I-71 and I-75 Expanded Truck Parking

Project Information

Facility: I-71 and I-75


  • Rest Areas on Southbound and Northbound I-71/75 in Boone County
  • Weigh Station on Southbound I-71 in Boone County
  • Weigh Station on Southbound I-75 in Grant County

Project Type: Freight

Priority Level: Tier 1

Project Description:

  • Construct additional truck parking at rest areas on I-71/75 and weigh stations on I-71 and I-75 using existing Kentucky Transportation Cabinet right of way.
  • Include appropriate technology including pavement sensors that record whether a space is occupied or empty and transmit this information.
  • Install Intelligent Transportation (ITS) signage on the interstates to identify and notify truck drivers in advance of parking availability.

Cost Estimate:

Design Utilities Construction TOTAL
$200,000 $160,000 $1,400,000 $1,760,000


  • Additional truck spaces will improve the capacity for truck parking in Boone County and the Northern Kentucky Area. This will assist in reducing the number of trucks that park along the public right of way, thereby improving public safety and preventing pavement degradation.
  • Increased truck parking notification throughout the area will reduce the time drivers waste searching for parking, thereby improving driver efficiency, as well as fuel and emissions savings.  Ultimately, this will provide a positive impact on the environment as well the economy.
  • The ITS, dynamic signing will inform truck drivers of the status of available parking spaces. This will eliminate the need for truck drivers to unnecessarily exit and search individually for available parking. The frequency of trucks existing from and merging onto the interstates from these sites will be reduced, improving both safety and traffic flow.


  • Available right of way is limited, particularly at the weigh stations.
  • Truck parking expansion will likely move trucks closer to residential properties. Additional landscaping/trees or other mitigation measures are recommended to be considered as part of this project.

Existing Conditions


  • Interstates in Boone County are essential corridors for the transportation of goods on a local, regional and global scale. The percentage of trucks traveling on interstates through Boone County range from approximately 20 to 30 percent of the total traffic volume.
  • Boone County is home to major companies that serve as significant truck traffic generators.
  • A 2015 study by the Kentucky Transportation Center at the University of Kentucky, titled Commercial Truck Parking and Other Safety Issues, reported that the I-75 rest areas addressed in this recommendation had usage rates of 90 percent or higher and would benefit from increased parking capacity.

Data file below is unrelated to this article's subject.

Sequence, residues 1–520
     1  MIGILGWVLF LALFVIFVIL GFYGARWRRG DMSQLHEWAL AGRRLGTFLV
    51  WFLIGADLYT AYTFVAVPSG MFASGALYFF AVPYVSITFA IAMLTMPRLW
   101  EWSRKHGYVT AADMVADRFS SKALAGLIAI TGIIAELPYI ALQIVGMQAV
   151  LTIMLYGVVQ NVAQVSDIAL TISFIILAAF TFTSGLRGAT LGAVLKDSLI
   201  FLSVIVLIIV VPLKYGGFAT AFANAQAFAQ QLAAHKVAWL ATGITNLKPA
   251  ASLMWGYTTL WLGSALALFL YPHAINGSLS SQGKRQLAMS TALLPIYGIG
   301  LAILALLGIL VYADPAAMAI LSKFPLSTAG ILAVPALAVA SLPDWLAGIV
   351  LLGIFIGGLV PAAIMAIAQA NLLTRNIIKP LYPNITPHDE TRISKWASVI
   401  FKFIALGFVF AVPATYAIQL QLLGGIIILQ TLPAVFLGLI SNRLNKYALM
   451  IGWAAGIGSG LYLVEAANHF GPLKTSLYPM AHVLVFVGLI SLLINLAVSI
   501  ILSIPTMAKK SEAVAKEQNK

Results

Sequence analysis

• OKI conducted a review of truck movements using data acquired from the American Transportation Research Institute (ATRI) during the development of the Boone County Transportation Plan to identify “hot spots” or roadways with high levels of truck parking occurring within the public right-of-way. Available authoritative, real world data was used to assist in validating verbal reports of truck parking issues collected during the Transportation Plan and quantifying the degree of the problem to public and private stakeholders at the local, state, regional and federal levels. The southbound and northbound I-71/75 public rest areas were identified as two prime locations where insufficient truck parking has been witnessed by citizens and verbally reported to OKI, KYTC and Boone County staff; and, shared through the Boone County Transportation Plan’s Freight Survey responses from private freight companies (survey conducted in June/July 2017). OKI staff analysis using the ATRI data clearly supported these findings.
  • Boone County growth in freight logistics and distribution companies is expected to continue to increase truck traffic through the day upon roadways across Boone County.

Land Use/Socio-Economic/Environmental:

  • The land use surrounding the existing rest areas and weigh stations are primarily residential.  Expansion in truck parking at these locations may reduce the buffer space between the existing parking and the residential properties.
  • Truck drivers are given strict guidelines on how long they can legally drive before they are mandated to stop the truck and rest. With the difficulty in finding adequate parking, drivers often have to start searching for parking an hour, so that they comply with drive time mandates. This reduces freight efficiencies and is damaging to the environment through increased emissions from trucks driving and searching for parking.


  • In OKI’s application of ATRI truck movement data, locations where high numbers of trucks were parking in the public right-of-way for extended lengths of time (one hour or longer) was overlaid with crash data from the past five years (2012-2016). This analysis showed that many of the same areas exhibiting of high rates of long term truck parking were also experiencing high rates of incidents involving trucks. A prime example of these high truck parking/high crash rate locations was the I-71/75 public rest areas in Boone County.
  • The Kentucky Transportation Center study also identified a crash pattern relating to proximity and usage of truck parking facilities.